The Challenge of the “Difficult” Patient

July 25, 2006

It is common for mental health professionals to label a patient as difficult, however, it remains unclear as to what the classification actually means or what it entails.

It is common for mental health professionalsto label a patient as “difficult”;however, it remains unclear asto what the classification actuallymeans or what it entails. Koekkoekand colleagues reviewed 94 articlespublished between 1979 and 2004in order to answer 3 questions: (1)“What are the defining characteristicsof difficult patients?” (2) “Howis the difficulty explained?” and (3)“Which treatment strategies are available?”Their findings were publishedin the June 2006 issue of PsychiatricServices.

The researchers placed difficultpatients into 3 categories: the unwillingcare avoider, the ambivalent careseeker, and the demanding careclaimer. Unwilling care avoidersincluded patients with paranoidpsychosis and personality disorders.These patients were predominantlymale and exhibited behaviors thatincluded being withdrawn, hard toreach, and aggressive. Demandingcare claimers included substanceabusers and those with personalitydisorders. They were also predominantlymale and exhibited behaviorssuch as attention seeking, manipulating,aggression, and destruction.Ambivalent care seekers includedpatients with chronic depression, andpersonality disorders. This groupconsisted predominantly of femaleswho could be demanding, claiming,self-destructive, and dependent.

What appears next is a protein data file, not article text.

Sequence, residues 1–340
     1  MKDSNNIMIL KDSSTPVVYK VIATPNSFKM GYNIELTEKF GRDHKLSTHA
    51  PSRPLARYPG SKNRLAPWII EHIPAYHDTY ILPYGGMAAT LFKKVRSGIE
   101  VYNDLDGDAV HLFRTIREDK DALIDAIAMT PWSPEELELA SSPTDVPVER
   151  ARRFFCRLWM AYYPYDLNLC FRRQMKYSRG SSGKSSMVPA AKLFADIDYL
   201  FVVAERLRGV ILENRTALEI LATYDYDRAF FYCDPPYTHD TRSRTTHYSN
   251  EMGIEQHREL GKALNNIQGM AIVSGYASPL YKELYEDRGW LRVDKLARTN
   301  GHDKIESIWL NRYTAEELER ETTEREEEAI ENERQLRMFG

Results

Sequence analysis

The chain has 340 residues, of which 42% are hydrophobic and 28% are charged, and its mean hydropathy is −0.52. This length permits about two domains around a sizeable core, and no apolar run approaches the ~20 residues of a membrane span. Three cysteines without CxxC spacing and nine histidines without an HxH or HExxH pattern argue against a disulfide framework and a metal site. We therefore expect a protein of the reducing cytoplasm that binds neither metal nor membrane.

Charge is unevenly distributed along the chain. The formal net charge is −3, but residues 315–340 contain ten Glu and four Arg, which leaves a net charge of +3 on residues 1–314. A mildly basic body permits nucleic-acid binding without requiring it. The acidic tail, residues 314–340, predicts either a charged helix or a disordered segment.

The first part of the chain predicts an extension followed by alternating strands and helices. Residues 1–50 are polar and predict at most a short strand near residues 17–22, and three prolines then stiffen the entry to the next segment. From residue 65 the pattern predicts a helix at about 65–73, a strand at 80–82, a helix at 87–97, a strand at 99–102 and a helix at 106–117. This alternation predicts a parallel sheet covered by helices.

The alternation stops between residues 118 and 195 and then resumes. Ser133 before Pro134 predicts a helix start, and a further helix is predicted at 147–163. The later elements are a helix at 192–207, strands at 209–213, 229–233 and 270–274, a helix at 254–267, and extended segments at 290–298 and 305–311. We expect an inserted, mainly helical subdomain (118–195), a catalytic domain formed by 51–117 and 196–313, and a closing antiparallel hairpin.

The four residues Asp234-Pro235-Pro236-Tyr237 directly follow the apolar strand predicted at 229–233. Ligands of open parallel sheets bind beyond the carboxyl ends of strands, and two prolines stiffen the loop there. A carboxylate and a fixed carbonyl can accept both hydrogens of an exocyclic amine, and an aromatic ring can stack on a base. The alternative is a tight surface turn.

The studies offered 4 explanationsfor difficult patients: chronicity,dependency, character pathology,and lack of reflective capabilities.Some authors focused on transferenceand countertransference issuesin explaining what they conceived asnot a difficult patient, but a difficulttherapeutic relationship.

A variety of treatment interventionswere suggested. These includedcommon practices such as carefullistening and being nonjudgmental.A so-called holding environment, inwhich limits are set and the patientfeels safe to experience different feelingsand experiment with differentbehaviors, was among the otherapproaches suggested, along withindividual supervision of the therapistand interdisciplinary teamconsultation. Koekkoek and associatesconcluded that ambivalent careseekers are the most challenging totreat and are “constantly subject todifferent judgments about their healthstatus by professionals.”